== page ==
This oblivion was, in some measure, justified. The Book of Jade contains much that is specious, imitative, and immature. It is weakened by melodramatic attitudinizing and by an obsessive necrophilisim. And yet, with all its indisputable faults, it bears proof even today that its ill-starred young author possessed genuine lyric talent. Its complete neglect is not warranted.

David Park Barnitz, author of The Book of Jade, was born in Wheeling, West Virginia, June 24, 1878, the son of the Reverend S. B. Barnitz, Western Secretary of Home Missions. In 1882 the Barnitz family moved to Des Moines, Iowa. Young David attended schools in Des Moines and entered Midland College of the Lutheran Church at Atchison, Kansas, at the age of 15. After graduation, he was sent to Harvard, taking his B.A. in 1898 and his M.A. a year later.

According to professor James of Harvard, young David was a brilliant student. He studied Sanskrit and it is said that he was the youngest individual ever admitted to the American Oriental Society. In his habits he was scholarly, aloof, and withdrawn.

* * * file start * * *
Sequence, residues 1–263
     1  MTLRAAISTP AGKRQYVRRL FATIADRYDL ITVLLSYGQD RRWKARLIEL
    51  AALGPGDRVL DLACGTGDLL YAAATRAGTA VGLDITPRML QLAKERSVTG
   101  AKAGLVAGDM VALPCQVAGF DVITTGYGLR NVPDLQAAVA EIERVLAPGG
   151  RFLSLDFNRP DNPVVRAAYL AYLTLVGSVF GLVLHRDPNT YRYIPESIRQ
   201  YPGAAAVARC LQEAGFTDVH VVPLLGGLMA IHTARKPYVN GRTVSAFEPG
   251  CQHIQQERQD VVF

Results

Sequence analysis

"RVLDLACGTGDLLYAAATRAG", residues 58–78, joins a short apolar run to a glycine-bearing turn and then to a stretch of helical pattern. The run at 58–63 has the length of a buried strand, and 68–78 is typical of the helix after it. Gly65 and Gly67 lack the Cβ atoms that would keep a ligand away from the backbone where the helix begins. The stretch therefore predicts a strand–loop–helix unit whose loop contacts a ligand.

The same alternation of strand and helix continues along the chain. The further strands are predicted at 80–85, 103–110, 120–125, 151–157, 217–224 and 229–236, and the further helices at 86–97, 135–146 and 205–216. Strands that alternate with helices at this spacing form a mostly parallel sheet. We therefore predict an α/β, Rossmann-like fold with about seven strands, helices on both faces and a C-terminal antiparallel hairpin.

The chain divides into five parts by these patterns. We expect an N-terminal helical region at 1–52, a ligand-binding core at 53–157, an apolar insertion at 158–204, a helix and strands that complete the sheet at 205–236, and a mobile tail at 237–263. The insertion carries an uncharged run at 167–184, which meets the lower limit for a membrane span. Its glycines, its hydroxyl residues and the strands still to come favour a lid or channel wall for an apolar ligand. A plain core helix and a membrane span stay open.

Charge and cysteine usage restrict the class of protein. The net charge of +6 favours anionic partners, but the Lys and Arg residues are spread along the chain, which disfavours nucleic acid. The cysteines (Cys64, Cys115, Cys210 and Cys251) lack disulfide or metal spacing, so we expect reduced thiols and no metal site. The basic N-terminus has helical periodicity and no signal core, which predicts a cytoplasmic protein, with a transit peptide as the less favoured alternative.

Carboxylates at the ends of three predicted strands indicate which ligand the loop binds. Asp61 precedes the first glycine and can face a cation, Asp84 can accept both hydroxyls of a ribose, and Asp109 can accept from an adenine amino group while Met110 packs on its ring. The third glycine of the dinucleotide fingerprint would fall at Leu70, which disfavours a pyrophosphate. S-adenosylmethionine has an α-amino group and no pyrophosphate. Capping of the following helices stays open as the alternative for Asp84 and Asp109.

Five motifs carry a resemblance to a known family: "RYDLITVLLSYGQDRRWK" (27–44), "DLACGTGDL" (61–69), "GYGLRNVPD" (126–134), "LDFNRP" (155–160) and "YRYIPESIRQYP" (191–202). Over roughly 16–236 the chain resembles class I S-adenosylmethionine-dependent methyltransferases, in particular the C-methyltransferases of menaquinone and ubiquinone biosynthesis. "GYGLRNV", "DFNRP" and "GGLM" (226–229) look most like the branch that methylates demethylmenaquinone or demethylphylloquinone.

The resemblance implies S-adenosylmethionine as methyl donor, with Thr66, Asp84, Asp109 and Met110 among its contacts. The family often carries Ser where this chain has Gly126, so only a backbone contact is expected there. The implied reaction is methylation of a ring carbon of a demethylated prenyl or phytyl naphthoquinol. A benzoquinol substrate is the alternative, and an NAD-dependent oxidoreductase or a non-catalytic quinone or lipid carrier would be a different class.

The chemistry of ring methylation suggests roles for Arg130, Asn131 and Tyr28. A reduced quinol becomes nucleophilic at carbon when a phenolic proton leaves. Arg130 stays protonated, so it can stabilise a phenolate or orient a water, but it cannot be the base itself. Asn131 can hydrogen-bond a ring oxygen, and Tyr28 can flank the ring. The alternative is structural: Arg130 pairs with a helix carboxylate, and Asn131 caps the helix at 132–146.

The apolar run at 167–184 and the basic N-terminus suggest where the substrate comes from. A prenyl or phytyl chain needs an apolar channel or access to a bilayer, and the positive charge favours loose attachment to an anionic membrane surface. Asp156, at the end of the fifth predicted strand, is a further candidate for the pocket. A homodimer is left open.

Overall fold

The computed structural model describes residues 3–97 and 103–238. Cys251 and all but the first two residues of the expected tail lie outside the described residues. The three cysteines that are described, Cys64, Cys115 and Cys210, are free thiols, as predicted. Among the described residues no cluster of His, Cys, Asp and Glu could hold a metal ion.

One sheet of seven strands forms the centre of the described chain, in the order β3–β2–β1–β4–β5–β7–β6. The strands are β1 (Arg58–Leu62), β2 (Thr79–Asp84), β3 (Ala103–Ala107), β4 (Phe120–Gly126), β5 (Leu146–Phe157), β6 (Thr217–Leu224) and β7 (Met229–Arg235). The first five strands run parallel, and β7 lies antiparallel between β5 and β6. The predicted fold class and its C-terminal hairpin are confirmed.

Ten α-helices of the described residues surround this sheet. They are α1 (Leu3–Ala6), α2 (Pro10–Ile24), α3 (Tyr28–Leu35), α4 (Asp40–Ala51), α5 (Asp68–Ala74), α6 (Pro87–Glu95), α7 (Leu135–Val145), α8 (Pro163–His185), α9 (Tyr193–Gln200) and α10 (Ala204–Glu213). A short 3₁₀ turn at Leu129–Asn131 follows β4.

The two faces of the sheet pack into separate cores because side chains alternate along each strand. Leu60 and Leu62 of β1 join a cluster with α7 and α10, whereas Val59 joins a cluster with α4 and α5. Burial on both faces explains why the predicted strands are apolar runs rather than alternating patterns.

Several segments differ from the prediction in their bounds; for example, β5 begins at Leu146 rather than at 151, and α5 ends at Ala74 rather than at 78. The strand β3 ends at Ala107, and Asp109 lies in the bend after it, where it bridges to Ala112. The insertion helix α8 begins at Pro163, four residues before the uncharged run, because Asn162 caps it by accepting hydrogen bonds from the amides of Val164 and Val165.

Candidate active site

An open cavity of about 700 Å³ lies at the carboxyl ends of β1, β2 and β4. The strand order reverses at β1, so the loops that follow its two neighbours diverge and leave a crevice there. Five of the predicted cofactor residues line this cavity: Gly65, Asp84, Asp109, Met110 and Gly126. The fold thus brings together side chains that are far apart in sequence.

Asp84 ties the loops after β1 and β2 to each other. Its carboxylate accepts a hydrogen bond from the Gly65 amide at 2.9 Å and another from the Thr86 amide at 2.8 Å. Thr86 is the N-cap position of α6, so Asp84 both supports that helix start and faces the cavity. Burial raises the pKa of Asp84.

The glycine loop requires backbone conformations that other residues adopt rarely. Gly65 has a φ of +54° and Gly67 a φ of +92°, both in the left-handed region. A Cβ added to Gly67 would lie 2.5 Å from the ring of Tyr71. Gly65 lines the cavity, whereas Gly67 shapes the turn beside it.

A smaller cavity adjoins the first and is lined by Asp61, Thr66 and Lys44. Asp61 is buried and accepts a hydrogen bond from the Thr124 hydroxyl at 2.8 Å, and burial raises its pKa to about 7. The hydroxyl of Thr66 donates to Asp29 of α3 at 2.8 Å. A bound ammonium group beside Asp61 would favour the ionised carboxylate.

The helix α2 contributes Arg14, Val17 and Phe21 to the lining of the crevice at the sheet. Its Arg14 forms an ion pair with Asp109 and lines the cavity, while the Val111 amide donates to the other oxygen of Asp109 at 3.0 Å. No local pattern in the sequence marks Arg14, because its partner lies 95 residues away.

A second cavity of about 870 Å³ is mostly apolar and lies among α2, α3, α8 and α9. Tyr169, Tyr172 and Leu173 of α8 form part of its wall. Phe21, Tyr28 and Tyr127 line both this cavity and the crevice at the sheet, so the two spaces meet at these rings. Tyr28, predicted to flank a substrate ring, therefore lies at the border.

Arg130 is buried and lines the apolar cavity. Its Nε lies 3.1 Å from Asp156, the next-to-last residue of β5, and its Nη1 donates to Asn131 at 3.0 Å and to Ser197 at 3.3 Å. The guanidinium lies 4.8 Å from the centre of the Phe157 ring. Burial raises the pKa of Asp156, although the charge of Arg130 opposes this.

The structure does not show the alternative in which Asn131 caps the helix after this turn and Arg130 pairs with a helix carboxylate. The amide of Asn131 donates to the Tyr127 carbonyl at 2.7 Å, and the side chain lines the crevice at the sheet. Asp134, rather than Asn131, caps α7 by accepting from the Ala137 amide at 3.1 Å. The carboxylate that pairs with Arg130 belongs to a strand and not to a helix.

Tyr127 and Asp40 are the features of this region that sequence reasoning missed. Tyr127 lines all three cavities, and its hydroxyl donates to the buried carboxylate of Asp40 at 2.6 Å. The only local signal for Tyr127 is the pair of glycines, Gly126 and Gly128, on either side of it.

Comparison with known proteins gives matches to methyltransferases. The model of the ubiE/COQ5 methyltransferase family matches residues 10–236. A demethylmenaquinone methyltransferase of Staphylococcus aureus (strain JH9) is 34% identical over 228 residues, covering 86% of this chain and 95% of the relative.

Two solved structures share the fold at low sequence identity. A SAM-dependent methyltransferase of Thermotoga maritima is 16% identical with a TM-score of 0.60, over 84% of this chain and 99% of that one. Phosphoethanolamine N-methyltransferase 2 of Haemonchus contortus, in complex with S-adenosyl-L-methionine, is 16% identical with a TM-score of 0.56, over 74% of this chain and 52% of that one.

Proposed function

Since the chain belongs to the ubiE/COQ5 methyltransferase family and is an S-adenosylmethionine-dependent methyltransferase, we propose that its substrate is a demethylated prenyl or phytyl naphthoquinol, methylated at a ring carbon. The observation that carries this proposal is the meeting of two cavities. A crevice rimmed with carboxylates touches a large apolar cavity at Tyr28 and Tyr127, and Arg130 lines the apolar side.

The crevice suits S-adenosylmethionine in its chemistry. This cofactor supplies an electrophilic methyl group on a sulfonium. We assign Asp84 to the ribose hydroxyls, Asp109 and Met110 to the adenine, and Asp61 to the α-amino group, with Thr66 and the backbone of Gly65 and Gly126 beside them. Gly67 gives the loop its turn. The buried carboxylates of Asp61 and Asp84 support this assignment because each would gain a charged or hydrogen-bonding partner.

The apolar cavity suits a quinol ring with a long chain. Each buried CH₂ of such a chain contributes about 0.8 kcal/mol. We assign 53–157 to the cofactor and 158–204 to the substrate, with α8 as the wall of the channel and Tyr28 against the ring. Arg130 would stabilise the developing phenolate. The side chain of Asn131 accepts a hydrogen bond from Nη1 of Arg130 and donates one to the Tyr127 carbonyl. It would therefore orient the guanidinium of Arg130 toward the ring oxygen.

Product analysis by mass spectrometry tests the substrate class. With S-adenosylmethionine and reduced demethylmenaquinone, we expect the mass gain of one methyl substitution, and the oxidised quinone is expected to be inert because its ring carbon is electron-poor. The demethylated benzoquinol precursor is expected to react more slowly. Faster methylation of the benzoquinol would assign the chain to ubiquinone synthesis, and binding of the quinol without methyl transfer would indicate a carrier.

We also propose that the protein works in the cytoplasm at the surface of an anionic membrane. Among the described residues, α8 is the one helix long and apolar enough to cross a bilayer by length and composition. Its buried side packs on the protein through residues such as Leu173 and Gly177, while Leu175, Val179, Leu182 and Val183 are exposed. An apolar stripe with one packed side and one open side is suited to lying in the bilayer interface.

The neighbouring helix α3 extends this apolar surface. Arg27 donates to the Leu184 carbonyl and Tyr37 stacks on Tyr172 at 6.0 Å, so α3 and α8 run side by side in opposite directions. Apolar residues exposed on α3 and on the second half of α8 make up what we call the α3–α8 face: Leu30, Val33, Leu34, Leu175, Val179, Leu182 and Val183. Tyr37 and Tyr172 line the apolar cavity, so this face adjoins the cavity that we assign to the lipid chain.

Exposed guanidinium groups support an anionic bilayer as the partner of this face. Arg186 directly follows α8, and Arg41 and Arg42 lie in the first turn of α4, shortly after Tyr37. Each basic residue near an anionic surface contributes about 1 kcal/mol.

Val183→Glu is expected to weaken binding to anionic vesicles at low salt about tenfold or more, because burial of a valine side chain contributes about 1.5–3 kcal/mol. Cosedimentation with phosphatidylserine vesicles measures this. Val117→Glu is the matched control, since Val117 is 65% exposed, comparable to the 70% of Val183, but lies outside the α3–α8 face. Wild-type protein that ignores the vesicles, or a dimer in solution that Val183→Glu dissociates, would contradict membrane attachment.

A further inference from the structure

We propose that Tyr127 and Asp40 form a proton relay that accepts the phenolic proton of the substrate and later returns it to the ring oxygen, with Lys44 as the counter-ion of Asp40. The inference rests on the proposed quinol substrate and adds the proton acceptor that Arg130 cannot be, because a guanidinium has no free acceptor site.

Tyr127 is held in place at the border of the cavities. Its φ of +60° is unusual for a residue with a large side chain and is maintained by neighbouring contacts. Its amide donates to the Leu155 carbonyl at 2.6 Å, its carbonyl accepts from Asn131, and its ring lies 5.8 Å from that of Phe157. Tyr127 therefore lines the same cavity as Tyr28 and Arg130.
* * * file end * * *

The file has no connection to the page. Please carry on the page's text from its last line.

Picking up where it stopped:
After Harvard he returned to his home on 18th Street in Des Moines where he continued his studies. If contemporary accounts are correct, he maintained few social contacts. His tall, erect figure was seen often at the local libraries, but seldom anywhere else. In spite of his recluse bent however, his parents, sisters, and one brother appear to have been devoted to him. And from all accounts this warm family attachment was mutual.

A photograph which must have been taken not long before the poet's death reveals a serious-appearing young man with large, brilliant, dark eyes, a generous mouth, and a somewhat prominent nose. He wears spectacles and a high starched collar; his long hair is middle-parted, very precisely. He might be a firm accountant or a young mathematics professor. The strident melodrama and dedicated decadence of his verses is nowhere apparent.